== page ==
12 September 2020

TEN Reasons Solo Travel Sucks


Athena and I after trying the poop coffee in Peru, near Cusco.

"One day you will wake up and there will be no more time to do the things you've always wanted. Do it now."

~ Paulo Coelho

Yes, of course I talked about the reasons why SOLO travel is a MUST-DO in my last blog post. Well, there are two sides to every coin and story. The idea is that, like many things in life, you have to take the good with the bad and keep things in perspective. It's not always about a brighter side or sunny days. There is magic in the storms as well. Solo travel is indeed a must-do, but when you do it, keep these ten things in mind, too:

My friends, Osmany, Jader and his son. We traveled around Esteli and Somoto in Nicaragua. I got some of my best shots of Nica with them. And a new nickname... Mecha Corta or Short Fuse from my first experience with Nicaraguan police who wanted my camera. Not happening. 

1. You have to do EVERYTHING yourself

There are definitely advantages to doing it yourself, but after a while, it gets old. When you are doing extended travel, like I am, it's easy to get frustrated when you have to find the next hotel to book, select your route to the next destination, or even just figure out where to eat. Sometimes you just want to look over to your imaginary friend and say, "You take this one."

2. We all need somebody to lean on sometimes

This is no joke... and it's inevitable. You can bet your bananas there will come a time when the best thing for you is human companionship, camaraderie, and contact. You will be the lesser for the lack of it, but that doesn't mean you can't overcome what ails you. You might sink into a state of depression, for whatever reason or maybe you are just homesick. Nothing goes as planned all the time and that doesn't change when you are traveling. Why should it? How perfect is your life at home? Why would you expect it to be any different on the road. You just deal with it. But shouldering the burden by yourself can really suck.

Cascades Siete jungle tour, El Salvador. I traveled with Tracie through 5 countries in Central America for 3 months. 20 minutes after this shot is when I had my thumb incident.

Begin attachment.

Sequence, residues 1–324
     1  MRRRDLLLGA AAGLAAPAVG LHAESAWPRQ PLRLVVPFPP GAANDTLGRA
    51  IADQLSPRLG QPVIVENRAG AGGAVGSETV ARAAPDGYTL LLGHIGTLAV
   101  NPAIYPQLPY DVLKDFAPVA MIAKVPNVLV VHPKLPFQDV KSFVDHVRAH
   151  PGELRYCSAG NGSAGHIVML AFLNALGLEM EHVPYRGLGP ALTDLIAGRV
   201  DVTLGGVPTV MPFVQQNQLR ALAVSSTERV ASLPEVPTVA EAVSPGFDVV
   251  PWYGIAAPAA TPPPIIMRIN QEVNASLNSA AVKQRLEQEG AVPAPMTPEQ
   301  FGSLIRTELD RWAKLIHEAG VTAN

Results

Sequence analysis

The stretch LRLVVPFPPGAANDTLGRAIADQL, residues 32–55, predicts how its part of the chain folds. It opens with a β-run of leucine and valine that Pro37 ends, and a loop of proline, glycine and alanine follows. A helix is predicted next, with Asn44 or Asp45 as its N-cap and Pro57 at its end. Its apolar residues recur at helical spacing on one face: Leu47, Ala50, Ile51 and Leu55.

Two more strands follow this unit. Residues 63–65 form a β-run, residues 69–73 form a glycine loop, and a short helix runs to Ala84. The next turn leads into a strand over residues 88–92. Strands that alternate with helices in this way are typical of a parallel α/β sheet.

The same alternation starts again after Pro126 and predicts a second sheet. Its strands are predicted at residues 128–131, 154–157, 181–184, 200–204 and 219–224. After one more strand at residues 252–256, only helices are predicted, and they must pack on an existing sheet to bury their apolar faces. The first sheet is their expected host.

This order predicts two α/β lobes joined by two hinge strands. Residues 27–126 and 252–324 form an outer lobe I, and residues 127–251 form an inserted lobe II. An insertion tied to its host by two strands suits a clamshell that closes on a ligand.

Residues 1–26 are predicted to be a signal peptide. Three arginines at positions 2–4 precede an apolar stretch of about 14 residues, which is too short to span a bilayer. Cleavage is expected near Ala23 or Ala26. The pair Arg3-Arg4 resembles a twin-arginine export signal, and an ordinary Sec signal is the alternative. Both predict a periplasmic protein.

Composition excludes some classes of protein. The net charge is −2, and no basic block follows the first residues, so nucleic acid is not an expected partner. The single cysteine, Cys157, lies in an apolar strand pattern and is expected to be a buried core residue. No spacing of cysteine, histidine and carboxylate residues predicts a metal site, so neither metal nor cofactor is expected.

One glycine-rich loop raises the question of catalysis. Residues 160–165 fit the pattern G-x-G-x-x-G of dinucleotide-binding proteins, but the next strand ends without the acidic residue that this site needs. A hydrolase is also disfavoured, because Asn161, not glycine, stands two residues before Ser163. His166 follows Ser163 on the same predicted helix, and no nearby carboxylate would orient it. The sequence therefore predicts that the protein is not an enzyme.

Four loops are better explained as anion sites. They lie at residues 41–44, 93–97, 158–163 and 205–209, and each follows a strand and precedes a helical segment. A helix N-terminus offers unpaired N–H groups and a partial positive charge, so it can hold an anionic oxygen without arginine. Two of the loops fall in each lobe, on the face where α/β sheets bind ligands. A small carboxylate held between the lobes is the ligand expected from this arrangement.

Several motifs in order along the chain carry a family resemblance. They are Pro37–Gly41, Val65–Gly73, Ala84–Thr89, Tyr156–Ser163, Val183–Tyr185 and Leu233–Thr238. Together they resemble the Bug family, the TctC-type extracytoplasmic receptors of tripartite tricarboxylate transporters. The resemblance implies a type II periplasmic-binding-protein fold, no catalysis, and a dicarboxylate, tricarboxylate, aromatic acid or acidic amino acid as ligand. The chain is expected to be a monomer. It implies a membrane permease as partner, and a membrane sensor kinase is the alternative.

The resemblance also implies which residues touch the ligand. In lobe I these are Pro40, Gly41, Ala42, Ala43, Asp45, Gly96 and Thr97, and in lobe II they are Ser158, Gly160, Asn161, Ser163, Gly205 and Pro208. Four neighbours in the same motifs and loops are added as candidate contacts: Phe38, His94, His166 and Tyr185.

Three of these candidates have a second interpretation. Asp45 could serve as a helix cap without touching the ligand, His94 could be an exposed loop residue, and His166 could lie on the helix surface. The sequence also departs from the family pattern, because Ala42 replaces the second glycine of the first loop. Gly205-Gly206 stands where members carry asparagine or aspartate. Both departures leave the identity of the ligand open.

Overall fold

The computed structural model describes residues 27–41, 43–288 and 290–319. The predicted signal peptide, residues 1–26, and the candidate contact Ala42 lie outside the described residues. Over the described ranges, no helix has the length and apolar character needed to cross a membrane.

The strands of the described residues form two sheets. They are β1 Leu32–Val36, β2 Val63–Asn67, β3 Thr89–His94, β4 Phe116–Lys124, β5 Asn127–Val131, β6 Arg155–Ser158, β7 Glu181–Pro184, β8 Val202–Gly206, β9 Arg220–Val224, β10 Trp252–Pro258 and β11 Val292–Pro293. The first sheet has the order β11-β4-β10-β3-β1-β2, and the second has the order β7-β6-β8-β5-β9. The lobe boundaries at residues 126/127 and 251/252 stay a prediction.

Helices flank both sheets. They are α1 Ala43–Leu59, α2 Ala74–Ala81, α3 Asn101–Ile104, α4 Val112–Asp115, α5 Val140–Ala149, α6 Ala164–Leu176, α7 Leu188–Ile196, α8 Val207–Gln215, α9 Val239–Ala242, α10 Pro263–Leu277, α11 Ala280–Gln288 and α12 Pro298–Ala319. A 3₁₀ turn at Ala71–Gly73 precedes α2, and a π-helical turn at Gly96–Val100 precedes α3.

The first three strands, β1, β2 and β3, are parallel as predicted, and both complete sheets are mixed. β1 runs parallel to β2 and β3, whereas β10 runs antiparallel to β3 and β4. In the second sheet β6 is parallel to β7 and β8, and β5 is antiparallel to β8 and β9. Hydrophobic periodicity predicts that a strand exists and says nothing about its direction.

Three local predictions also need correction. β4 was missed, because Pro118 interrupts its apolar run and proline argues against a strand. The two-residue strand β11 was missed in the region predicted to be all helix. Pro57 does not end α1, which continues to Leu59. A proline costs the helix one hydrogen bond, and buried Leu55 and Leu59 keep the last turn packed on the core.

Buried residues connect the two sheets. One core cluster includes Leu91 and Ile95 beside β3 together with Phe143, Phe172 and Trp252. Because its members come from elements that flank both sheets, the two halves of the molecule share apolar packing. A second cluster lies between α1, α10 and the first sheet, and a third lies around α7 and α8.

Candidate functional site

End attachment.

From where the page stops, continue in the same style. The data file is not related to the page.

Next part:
3. Second Pair of Eyes

All your stuff has to come into the bathroom with you! Okay, you got that one solved. But what happens when you go to the beach. You can't bring all your stuff with you in the water! And as a photographer, it's good to have someone watching your back while you get those late evening shots or those urban scenes. You never know who else has eyes on YOU! Besides that, I guarantee you that you'll try to follow directions looking for street numbers or landmarks. Having a second pair of eyes to help find the right corner where your bus lets you off might be the crucial element between you getting to your hostel or winding up across town. 

4. Who takes great pics of YOU? (Particularly when you're doing something stupid.)

Self-explanatory. Get used to those handheld selfies!

The Black Souls of Esteli, Nicaragua asked if I wanted to take a ride. I couldn't see a reason not to run off with a biker group I just met.

5. When you absolutely MUST get up in the morning

You know there are those moments when you cannot depend on yourself to get up early in the morning. You need that other person to say, "Hey! We got a plane to catch. Get your ass up!"

6. You can read only so many books

I'd call myself an avid reader

. When you travel long term like I do, books go only so far. There will be some boring ass days when all you have on your to-do list is... NOT A DAMN THING! Well, I guess you could right that book. HA! Right...

"Some beautiful paths cannot be discovered without getting lost.'

~ Erol Ozan

Art Model Kristi and I catching a ride on a fishing boat to Little Corn Island during bad weather. A 30-minute fast boat trip turned into 3 hours on this sea crawler!

7. When you REALLY need that 2nd opinion

Can't tell you how many times I've been in this situation. You don't know what you're missing, not seeing, or forgetting about the directions on where you are supposed to go, which bus to take, or what that sign says. Having that second person to overlap your gaps keeps you from looking stupid or making big mistakes.

8. Going to a nice restaurant by yourself? PASS!

Table for 1? I don't think so. I'm not doing it. I'll get something to go, but I'm not eating at a fine dining spot by myself. You just look stupid and desperate. But that could just be my own insecurities. I get that, and will own it. 

9. Unwanted advances

Ladies...? You know what I'm talking about right? Just because you're single and solo, doesn't mean you are available to every bolo that comes a-callin'. I've been hit on by other men, as well. I'm not sure what signals I'm giving off, but I need to figure it out. I actually got physically assaulted by a dude who's advances I rebuffed. He got dealt with. I emerged from that incident with all my teeth and consciousness. He did not. Watch yourself. 

Lake Titicaca. Jenny and I traveled together for 3 weeks in Peru from the northern edge to the southern border.

10. Sharing those special moments and memories.

I have some travel buddies and it's always a beautiful thing to reminisce about that time spent together enjoying a travel moment. I have many fond memories having been with a significant other as well as someone platonic. Having someone with you, even as a witness, who recounts the same cherished experience is a blessing.